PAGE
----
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Introducing heavy internal linking to well ranking site

 7:27 am on Apr 22, 2010 (gmt 0)

Wikipedia is a model site that's been using in-text links for ages to make it easy for users to navigate and for search engines to index.
Recently, I have been seeing sites doing internal in-content linking automatically. It seems they just assigned certain keywords to certain pages and everytime a word shows up in text, they make it a link automatically.

Would you PROs consider such tactic secure and worth giving a shot on a site with a couple thousands articles?
Will this have any visible SEO benefit these days?
Will this be secure to shot all internal links at once?


Robert Charlton

 4:33 am on Oct 13, 2010 (gmt 0)

i am assuming then that you DON'T link FROM the product pages to the article pages then, right?

it is just one way linking from the article pages to the products then, right?

That's the principle, but I wouldn't be absolute about this. My assumption in building articles on a commercial site is that the articles will both help users, and be good enough to attract inbound links, and that you'd naturally link to the product page from the article page for that reason.

Would linking back to to the article page from the product page change that? For that matter, would cross linking the two diminish the linking effect from the article page?

Because of the external inbound links, the article would naturally have more authority anyway, but not necessarily more relevance to a commercial query. So targeting and likely searches enter into it when you've got an article page and a product page, and you want to cross-link them.

I'm leaving a lot of open questions, in part because I don't have easy answers. Thoughts?


 5:04 am on Oct 13, 2010 (gmt 0)

I did some looking into Wikipedia - according to one research paper the average Wikipedia article has 26 links to other Wikipedia pages.

I don't know about "26" links but I do know that Wikipedia is not an ecommerce site AND that those various links are to explanation pages, not "more of the same". Look up "aircraft carriers" for an example of how diverse those links are AND how few (each article) links there really are.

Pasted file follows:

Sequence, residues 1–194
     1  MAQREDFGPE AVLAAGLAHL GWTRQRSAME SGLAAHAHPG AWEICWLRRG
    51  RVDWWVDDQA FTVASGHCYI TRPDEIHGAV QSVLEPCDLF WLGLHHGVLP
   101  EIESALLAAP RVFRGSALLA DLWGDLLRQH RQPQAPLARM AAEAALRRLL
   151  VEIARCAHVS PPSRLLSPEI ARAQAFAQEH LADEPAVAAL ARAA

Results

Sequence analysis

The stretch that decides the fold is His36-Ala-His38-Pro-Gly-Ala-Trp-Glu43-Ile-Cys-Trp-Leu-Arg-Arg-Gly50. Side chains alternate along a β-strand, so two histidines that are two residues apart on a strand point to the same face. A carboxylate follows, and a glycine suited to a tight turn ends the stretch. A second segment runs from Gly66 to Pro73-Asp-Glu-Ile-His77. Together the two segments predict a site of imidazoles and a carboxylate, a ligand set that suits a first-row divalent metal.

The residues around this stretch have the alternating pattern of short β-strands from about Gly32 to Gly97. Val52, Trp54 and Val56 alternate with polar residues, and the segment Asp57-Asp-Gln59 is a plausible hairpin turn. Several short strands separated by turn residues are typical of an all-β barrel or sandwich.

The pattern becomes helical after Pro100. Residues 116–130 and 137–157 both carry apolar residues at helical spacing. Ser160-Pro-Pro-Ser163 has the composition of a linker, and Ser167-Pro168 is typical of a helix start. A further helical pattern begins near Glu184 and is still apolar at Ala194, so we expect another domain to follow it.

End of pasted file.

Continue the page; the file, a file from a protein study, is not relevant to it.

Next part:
I wouldn't do it. Hypertext links should be to something IMPORTANT for the original document. But then again, I'm old school. And I wouldn't automate links. That removes editorial control over the website.


 7:40 am on Oct 13, 2010 (gmt 0)


i am assuming then that you DON'T link FROM the product pages to the article pages then, right?

At the moment I am only linking to category, sub cat and product pages from the info pages. All the links are strictly contextual - meaning if a certain manufacturers widget occurs in the text, I link only to that manufacturers widget page. Even though I would prefer to rank for generic widget terms.

I am not allowed to link from product pages at the moment but our programmer is adding a field in the cms to allow this. I want to link to informational pages on our site and external sites. After all, people are more likely to buy a widget if they know how to use it:)


 7:42 am on Oct 13, 2010 (gmt 0)

The problem I have seen on sites with automated linking is that many words have multiple meanings. The automated links do not understand the context, so they put the wrong link in, or link when it would be better to leave alone.


 7:46 am on Oct 13, 2010 (gmt 0)

@ graeme_p

I totally agree. I tried a Wordpress plugin for that purpose and it made a terrible mess.

It is impossible to guess the context of words that haven't even been written yet


 7:53 am on Oct 13, 2010 (gmt 0)

automated internal linking will never help.Do it manually and to the most relevant pages.

If you are on wordpress, a related post plugin is good enough.


 12:48 pm on Oct 13, 2010 (gmt 0)

When I have made sites from scratch I have always included breadcrumbs and anchortext links from each page to other relevant pages. It was just part of the basic in site navigation.

Sites that I built from scratch like that usually did well in G from the get go, often with much lower PR than their enemies.

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